In this time of pandemic and uncertainty, we could all use a miracle. A very special devotion may help.
On the evening of July 19, 1830, just before retiring for the night, a young novice nun named Catherine Labouré prayed to St. Vincent de Paul, asking for his intercession on a particular matter. More than anything in the world, Catherine wanted to see and converse with the Virgin Mary.
That was a pretty bold thing to request, and not an easy petition for any saint to satisfy. After all, the Blessed Mother had passed from this earth almost 1,800 years earlier. And yet, with God, all things are possible.
Just before midnight, Catherine awoke to the sound of someone calling her name. She opened her eyes. Standing before her was a child of about five years old bathed in light as if radiating phosphorus. “The Virgin Mary is waiting to see you,” said this little messenger.
The child, whom the young nun believed to be her guardian angel, led Catherine down a hallway to the convent’s chapel. As she entered, there before her was her heart’s delight: the Blessed Virgin, flooded in even more light than the angel by Catherine’s side.
Young Catherine, shaking at the knees, breathless, gazed upon the vision before her as if she had just been born and was seeing her own mother for the first time.
Mary spoke to Catherine, the young nun hanging on every word of this celestial mother-daughter talk. The vision of grace implored Catherine to be obedient to her superiors and to be humble. Mary hinted that a great and important destiny — Catherine’s life’s purpose — would be revealed to her in due time. The young woman just needed to have patience.
The child escorted Catherine back to her room. Warmed by her words and inflamed by the Virgin’s presence, Catherine pondered these things in her heart, finally falling asleep.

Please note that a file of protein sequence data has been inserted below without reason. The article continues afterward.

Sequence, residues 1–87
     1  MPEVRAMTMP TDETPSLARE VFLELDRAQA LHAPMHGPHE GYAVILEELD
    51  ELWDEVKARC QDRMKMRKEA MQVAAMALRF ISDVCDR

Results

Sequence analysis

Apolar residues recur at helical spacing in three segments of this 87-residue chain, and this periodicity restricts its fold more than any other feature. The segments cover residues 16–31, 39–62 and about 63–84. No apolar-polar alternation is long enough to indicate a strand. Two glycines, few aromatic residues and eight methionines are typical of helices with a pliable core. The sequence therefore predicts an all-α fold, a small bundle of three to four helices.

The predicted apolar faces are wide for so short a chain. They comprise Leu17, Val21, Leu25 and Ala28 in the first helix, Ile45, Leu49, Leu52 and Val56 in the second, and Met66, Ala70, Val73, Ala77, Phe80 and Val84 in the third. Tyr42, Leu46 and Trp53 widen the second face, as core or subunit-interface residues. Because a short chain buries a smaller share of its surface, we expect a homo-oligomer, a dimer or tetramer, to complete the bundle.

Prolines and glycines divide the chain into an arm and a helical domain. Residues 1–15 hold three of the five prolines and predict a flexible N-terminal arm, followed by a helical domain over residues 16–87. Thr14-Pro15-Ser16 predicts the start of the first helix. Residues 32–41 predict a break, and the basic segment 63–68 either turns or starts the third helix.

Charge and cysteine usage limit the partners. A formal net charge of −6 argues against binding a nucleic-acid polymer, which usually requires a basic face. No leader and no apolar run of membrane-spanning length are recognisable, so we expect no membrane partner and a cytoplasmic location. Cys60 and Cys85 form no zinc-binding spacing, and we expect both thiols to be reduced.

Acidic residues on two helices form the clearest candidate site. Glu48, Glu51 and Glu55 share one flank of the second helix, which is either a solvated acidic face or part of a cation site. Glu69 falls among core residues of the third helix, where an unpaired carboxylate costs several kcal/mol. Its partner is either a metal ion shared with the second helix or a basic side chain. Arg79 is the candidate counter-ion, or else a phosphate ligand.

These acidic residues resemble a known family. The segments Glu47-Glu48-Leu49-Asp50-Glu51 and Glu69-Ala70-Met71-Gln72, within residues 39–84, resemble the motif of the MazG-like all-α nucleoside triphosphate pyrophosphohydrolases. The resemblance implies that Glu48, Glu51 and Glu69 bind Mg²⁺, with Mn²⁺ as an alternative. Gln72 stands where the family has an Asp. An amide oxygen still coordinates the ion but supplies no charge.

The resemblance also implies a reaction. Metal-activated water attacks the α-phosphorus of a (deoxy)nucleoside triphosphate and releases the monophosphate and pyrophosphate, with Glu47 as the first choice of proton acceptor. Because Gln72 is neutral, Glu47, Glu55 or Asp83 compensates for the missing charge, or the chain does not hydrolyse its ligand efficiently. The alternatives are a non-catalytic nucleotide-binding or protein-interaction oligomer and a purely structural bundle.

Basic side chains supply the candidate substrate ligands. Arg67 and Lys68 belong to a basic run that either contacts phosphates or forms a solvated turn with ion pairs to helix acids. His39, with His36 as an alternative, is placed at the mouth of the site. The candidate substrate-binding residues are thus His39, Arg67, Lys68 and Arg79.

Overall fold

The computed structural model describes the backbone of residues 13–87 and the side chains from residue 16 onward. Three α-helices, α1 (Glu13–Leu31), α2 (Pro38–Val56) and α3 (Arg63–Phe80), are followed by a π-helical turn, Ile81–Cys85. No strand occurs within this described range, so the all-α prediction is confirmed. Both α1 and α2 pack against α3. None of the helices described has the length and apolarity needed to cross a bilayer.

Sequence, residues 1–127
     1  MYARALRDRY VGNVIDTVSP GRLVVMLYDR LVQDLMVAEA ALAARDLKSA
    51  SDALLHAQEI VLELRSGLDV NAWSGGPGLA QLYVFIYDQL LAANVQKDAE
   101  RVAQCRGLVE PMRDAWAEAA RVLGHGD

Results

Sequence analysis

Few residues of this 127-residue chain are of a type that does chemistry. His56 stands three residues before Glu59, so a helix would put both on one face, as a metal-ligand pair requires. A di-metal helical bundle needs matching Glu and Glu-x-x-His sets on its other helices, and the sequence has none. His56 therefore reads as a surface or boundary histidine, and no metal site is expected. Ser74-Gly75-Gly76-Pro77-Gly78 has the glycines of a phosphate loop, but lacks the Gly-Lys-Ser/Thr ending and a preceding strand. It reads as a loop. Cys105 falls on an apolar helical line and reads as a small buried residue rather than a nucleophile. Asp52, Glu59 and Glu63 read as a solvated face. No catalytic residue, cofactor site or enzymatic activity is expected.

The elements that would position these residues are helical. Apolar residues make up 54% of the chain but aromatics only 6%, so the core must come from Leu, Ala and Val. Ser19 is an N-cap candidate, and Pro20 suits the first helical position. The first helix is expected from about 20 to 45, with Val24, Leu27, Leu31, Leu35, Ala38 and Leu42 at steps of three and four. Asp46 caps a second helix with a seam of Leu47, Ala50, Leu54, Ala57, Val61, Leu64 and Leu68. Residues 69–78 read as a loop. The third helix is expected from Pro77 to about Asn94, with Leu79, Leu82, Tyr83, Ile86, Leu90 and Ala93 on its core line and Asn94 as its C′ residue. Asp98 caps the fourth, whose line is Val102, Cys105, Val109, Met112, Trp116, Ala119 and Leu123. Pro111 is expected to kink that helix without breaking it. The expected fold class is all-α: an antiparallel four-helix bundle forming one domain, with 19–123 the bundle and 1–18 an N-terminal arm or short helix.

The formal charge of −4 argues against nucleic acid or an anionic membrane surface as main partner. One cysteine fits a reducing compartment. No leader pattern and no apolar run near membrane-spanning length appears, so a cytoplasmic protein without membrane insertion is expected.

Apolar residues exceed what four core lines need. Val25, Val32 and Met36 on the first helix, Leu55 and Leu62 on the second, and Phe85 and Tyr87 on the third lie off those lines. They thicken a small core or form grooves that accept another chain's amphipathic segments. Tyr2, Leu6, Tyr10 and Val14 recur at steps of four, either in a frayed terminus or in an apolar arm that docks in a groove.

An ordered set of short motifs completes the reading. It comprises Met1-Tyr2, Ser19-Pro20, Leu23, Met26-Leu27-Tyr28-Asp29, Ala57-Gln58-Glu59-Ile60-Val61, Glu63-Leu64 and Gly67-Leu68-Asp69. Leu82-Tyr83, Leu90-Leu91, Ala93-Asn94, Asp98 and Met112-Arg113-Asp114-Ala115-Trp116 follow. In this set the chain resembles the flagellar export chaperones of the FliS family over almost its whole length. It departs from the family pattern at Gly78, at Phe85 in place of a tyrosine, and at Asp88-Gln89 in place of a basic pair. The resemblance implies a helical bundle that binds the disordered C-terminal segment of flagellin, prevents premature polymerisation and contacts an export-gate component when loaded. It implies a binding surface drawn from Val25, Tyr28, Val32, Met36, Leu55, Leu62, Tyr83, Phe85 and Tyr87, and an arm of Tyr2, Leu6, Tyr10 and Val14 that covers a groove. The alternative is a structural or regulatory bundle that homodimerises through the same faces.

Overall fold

Four months later, on Nov. 27, 1830, the Virgin Mary came again to visit with Catherine in the night, a bright star in the darkness. This time, in what we might today call a hologram, Mary stood on top of a small planet, crushing a snake beneath her feet. In one hand, she held a small globe; rays of light emanated from the other.
The small globe, the Virgin Mary said, symbolized the earth, and the rays represented the love and grace she shines on all who seek her help. Near Mary, Catherine could make out a series of words floating in the air: “O Mary conceived without sin, pray for us who have recourse to you.” The Blessed Mother then spoke these words: “Have a medal made according to what I have told you. Those who wear it will be blessed with many graces.” The vision before her turned, and Catherine saw Mary’s plan for the back of the medal.
On this side, she saw the letter M crowned with a cross, which represented the connection between Jesus and Mary; and two hearts, one surrounded by thorns and the other pierced with a sword, the Sacred Heart of Jesus and the Immaculate Heart of Mary. Around this image were 12 stars, which Catherine was told represented the 12 apostles.
Her young mind racing, her heart inflamed, Catherine went off and thought and prayed about these experiences — the symbols pregnant with meaning and prophecy — and soon shared her visions with her spiritual adviser and Mother Superior.